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Internet Giants Launch New System to Fix the Password Problem

Making Passwords Better

An alliance of Internet giants, including PayPal and Lenovo, are tackling the identity problem head-on with a new authentication system designed to do away with passwords and improve online security.

The FIDO Alliance (Fast IDentity Online) was formed to develop open authentication standards based on a combination of hardware, software, and services to verify a person's identity, Michael Barrett, CISO of PayPal and president of the alliance, told SecurityWeek. The alliance released its reference architecture spelling out the fundamentals of its system on Feb. 11. Formally launched on the same day, startup Nok Nok Labs is the first company implementing the FIDO specification.

The six founding companies include Agnitio, semiconductor maker Infineon Technologies, PC-maker Lenovo, new Silicon Valley startup Nok Nok Labs, PayPal, and Validity. The CEO of Nok Nok is Phillip Dunkelberger, the co-founder and former CEO of PGP who wound up selling the company to Symantec in 2010 for $300 million. FIDO Alliance has Barrett at the helm, and Ramesh Kesanupalli, founder of Nok Nok Labs, as vice-president.

FIDO takes an "open-based approach to standards" to give users a "choice and decide which method to use to authenticate," Barrett told SecurityWeek.

Passwords are not keeping users safe online, and it is increasingly becoming clear that new methods of authentication and authorization was necessary, Dunkelberger told SecurityWeek. The client/server platform from Nok Nok Labs conforms to the FIDO specification and is not limited to any particular authentication method or device. Businesses would be able to offer users a range of authentication options using their mobile devices, PCs, or any Web-connected device.

"We need to take authentication technology and make it better," Dunkelberger said.

Under the FIDO specification, businesses would be able to authenticate and authorize users using existing hardware devices, such as smartphones and tablets, fingerprint readers, microphones, cameras, TPM chips, near-field communications, and one-time password tokens. Instead of traditional username and password combinations, the device the user happens to be holding would play a more central role in authentication, according to the FIDO Alliance. This would make it much more difficult for attackers to steal login credentials and compromise user accounts, Barrett said.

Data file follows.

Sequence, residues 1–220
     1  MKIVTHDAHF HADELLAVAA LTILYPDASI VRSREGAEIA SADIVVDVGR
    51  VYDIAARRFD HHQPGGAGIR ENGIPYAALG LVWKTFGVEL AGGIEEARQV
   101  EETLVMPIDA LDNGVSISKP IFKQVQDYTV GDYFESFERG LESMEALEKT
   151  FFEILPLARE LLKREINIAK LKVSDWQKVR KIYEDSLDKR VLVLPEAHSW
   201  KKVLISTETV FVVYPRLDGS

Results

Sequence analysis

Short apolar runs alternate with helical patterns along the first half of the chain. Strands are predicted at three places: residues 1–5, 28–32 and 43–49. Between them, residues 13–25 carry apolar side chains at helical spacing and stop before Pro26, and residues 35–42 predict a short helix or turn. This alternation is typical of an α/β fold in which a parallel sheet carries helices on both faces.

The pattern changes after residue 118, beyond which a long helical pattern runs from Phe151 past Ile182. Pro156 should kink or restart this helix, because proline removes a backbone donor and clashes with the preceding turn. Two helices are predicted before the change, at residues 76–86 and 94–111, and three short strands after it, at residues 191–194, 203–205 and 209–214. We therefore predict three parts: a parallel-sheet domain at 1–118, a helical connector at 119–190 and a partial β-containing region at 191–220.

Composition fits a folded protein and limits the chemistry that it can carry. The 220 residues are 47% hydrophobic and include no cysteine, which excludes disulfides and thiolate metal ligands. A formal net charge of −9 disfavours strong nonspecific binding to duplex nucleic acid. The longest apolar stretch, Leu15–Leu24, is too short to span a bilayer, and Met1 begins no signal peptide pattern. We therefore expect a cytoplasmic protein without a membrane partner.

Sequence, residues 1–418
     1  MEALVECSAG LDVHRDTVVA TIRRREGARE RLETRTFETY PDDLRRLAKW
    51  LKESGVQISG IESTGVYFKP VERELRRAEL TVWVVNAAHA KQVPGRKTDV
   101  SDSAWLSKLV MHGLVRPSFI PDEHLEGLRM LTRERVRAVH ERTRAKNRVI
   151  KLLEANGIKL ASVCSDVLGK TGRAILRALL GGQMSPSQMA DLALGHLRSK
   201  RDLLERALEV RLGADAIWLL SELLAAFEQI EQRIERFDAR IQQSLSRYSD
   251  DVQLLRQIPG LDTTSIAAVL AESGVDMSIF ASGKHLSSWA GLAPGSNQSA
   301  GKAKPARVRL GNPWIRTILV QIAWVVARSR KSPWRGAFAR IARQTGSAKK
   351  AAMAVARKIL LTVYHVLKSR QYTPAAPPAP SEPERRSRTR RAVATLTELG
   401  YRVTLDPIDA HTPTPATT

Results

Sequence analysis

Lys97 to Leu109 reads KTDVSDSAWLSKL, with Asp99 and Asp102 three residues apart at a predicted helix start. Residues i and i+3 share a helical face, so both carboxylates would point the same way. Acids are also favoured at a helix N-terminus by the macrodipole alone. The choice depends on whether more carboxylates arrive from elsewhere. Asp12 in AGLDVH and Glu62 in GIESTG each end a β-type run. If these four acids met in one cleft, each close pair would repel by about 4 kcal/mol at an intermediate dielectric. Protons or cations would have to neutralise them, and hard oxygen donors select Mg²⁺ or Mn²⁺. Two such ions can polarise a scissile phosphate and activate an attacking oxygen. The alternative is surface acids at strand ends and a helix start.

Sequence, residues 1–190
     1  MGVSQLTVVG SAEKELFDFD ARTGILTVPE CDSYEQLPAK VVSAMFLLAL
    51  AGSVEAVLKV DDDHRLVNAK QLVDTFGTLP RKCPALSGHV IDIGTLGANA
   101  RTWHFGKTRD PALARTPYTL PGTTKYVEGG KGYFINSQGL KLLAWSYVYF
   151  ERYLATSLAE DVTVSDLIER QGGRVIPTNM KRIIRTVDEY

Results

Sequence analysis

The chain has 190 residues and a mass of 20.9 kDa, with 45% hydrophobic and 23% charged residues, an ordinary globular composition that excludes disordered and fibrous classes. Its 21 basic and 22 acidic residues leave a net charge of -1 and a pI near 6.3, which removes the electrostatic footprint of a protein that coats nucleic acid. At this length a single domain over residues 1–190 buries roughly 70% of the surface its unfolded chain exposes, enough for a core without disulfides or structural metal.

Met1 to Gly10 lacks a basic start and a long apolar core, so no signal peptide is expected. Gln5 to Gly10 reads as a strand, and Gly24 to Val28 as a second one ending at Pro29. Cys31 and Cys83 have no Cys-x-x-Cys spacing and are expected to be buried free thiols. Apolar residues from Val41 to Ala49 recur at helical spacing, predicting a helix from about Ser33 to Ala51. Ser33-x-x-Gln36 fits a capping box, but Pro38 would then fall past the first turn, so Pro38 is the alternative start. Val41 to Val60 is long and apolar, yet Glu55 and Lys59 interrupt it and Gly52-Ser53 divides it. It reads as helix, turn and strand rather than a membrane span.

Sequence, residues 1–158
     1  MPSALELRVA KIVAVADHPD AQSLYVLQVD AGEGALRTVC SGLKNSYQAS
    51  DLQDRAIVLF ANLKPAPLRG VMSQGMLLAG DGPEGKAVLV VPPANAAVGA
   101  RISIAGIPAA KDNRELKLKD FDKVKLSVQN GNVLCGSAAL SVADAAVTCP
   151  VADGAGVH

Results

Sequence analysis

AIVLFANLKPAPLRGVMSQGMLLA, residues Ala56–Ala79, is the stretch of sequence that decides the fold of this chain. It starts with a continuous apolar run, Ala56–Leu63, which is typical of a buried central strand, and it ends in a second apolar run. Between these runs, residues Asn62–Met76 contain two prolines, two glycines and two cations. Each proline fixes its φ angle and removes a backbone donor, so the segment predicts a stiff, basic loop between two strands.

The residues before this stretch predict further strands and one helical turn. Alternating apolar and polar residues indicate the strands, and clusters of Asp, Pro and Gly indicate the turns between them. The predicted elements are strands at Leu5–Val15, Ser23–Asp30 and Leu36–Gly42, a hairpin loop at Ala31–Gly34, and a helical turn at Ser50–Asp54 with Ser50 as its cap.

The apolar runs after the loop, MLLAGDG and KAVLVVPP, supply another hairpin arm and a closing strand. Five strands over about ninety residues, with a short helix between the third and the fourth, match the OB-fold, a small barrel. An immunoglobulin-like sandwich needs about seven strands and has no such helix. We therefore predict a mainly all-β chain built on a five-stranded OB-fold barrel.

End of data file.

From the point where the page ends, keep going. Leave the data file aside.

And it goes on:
The authentication infrastructure "leverages existing technologies such as fingerpring scanning and webcams," Barrett said.

Interested organizations would first need to load FIDO-compliant software onto their servers and encourage end-users to load the appropriate apps on their devices in order to take advantage of the new system, Kesanupalli explained. Web and mobile developers could also build the specification directly into their applications.

The FIDO Alliance will be making a Web plugin available for the end-users to download, Kesanupalli said. Users "want to be secure, but they also want easy to use," he said.

FIDO's system is safer than existing system of credentials because there is no way for the user information to be intercepted, Kesanupalli said. The specification has password and other identifying information being stored on the device itself. The FIDO software encrypts the information and sends only the cryptographic string to the back-end server to verify the user identity. The credentials never leave the user's device, he said.

The user's device also receives a cryptographic string from the back-end server to verify that it is a legitimate server and not an imposter.

The alliance considers the FIDO protocol, coming later this year, as a complementary format, one designed to interoperate with other existing authentication and authorization standards, such as OAuth 2.0 and OpenID. The fact that organizations would not have to rip out existing implementations using other protocols would hopefully lead to large-scale adoption among vendors. The group also plans to eventually work with an existing standards body such as the Internet Engineering Task Force or the World Wide Web Consortium to define the protocol as a formal standard.

Nok Nok Labs also announced it has raised $15 million in early financing from ONSET Ventures and Doll Capital Management. Richard Clarke, the former White House anti-terrorism czar, and PayPal's Barrett also joined the board.

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Fahmida Y. Rashid is a Senior Contributing Writer for SecurityWeek. She has experience writing and reviewing security, core Internet infrastructure, open source, networking, and storage. Before setting out her journalism shingle, she spent nine years as a help-desk technician, software and Web application developer, network administrator, and technology consultant.